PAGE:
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The cumulative effects of using fine particles and cyanobacteria for rehabilitation of disturbed active sand dunes [abstract]
Year:
2016
Source of publication :
Geophysical Research Abstracts
Authors :
Barkai, Daniel
;
.
Knoll, Yaakov M.
;
.
Zaady, Eli
;
.
Volume :
18
Co-Authors:
Facilitators :
From page:
0
To page:
0
(
Total pages:
1
)
Abstract:

One of the main problems in desertified lands worldwide is active wind-borne sand dunes, which lead to covering of fertile soils and agricultural fields. In regions with more than 100 mm of annual rainfall, sand dunes may be naturally stabilized by biocrusts (biological soil crusts). One of the main restraints of biocrust development is the typical lack of fine particles in sand dunes. Our study investigated the combined application of fine particles [coal fly-ash <100 micrometer] and bio-inoculant of filamentous cyanobacteria, isolated from nearby natural stabilized sand dunes, on the soil surface of active sands for increasing resistance to wind erosion. Boundary-layer wind tunnel experiments were conducted in experimental plots within a greenhouse for examining the effects of adding coal fly-ash and bio-inoculant to active sands. The biocrust development was evaluated via several physical and bio-physiological variables. In all the physical measurements and the bio-physiological variables, the treatment of "sand+inoculum+coal fly-ash" showed significant differences from the "sand-control". The combination led to the best results of surface stabilization in boundary-layer wind tunnel experiments, with the lowest sand fluxes. The filamentous cyanobacteria use the fine particles of the coal fly-ash as bridges for growing toward and adhering to the large sand particles. The cumulative effects of biocrusts and coal fly-ash enhance soil surface stabilization and may allow long-term sustainability.

Note:
EGU General Assembly 2016, held 17-22 April, 2016 in Vienna Austria, id. EPSC2016-11356
     
Related Files :
Biocrusts
boundary-layer wind tunnel
Cyanobacteria
desertification
Sand Dunes
Soil crusts
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DOI :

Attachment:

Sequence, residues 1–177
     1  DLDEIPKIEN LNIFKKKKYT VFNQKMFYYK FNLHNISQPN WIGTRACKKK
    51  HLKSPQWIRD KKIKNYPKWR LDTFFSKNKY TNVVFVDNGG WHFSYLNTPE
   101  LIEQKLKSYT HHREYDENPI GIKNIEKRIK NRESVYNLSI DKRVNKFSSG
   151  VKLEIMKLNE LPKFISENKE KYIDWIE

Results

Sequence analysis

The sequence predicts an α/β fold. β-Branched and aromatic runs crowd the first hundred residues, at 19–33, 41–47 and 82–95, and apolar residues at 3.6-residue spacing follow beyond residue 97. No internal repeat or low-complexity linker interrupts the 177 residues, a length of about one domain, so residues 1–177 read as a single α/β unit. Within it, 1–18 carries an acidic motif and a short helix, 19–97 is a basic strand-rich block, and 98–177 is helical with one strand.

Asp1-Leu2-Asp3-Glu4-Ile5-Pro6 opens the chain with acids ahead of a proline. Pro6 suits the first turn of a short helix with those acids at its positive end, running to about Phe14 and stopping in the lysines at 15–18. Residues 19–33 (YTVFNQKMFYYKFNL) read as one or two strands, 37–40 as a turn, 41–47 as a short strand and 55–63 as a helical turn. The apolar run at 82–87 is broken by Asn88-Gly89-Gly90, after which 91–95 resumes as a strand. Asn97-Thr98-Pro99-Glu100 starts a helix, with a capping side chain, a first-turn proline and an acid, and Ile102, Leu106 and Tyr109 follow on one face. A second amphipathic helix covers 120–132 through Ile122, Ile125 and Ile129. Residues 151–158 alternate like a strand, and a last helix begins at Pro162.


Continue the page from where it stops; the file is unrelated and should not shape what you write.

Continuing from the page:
Article number:
0
Affiliations:
Database:
Google Scholar
Publication Type:
Abstract
;
.
Conference paper
;
.
Language:
English
Editors' remarks:
ID:
38998
Last updated date:
02/03/2022 17:27
Creation date:
17/01/2019 13:28
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Scientific Publication
The cumulative effects of using fine particles and cyanobacteria for rehabilitation of disturbed active sand dunes [abstract]
18
The cumulative effects of using fine particles and cyanobacteria for rehabilitation of disturbed active sand dunes

One of the main problems in desertified lands worldwide is active wind-borne sand dunes, which lead to covering of fertile soils and agricultural fields. In regions with more than 100 mm of annual rainfall, sand dunes may be naturally stabilized by biocrusts (biological soil crusts). One of the main restraints of biocrust development is the typical lack of fine particles in sand dunes. Our study investigated the combined application of fine particles [coal fly-ash <100 micrometer] and bio-inoculant of filamentous cyanobacteria, isolated from nearby natural stabilized sand dunes, on the soil surface of active sands for increasing resistance to wind erosion. Boundary-layer wind tunnel experiments were conducted in experimental plots within a greenhouse for examining the effects of adding coal fly-ash and bio-inoculant to active sands. The biocrust development was evaluated via several physical and bio-physiological variables. In all the physical measurements and the bio-physiological variables, the treatment of "sand+inoculum+coal fly-ash" showed significant differences from the "sand-control". The combination led to the best results of surface stabilization in boundary-layer wind tunnel experiments, with the lowest sand fluxes. The filamentous cyanobacteria use the fine particles of the coal fly-ash as bridges for growing toward and adhering to the large sand particles. The cumulative effects of biocrusts and coal fly-ash enhance soil surface stabilization and may allow long-term sustainability.

EGU General Assembly 2016, held 17-22 April, 2016 in Vienna Austria, id. EPSC2016-11356
     
Scientific Publication
You may also be interested in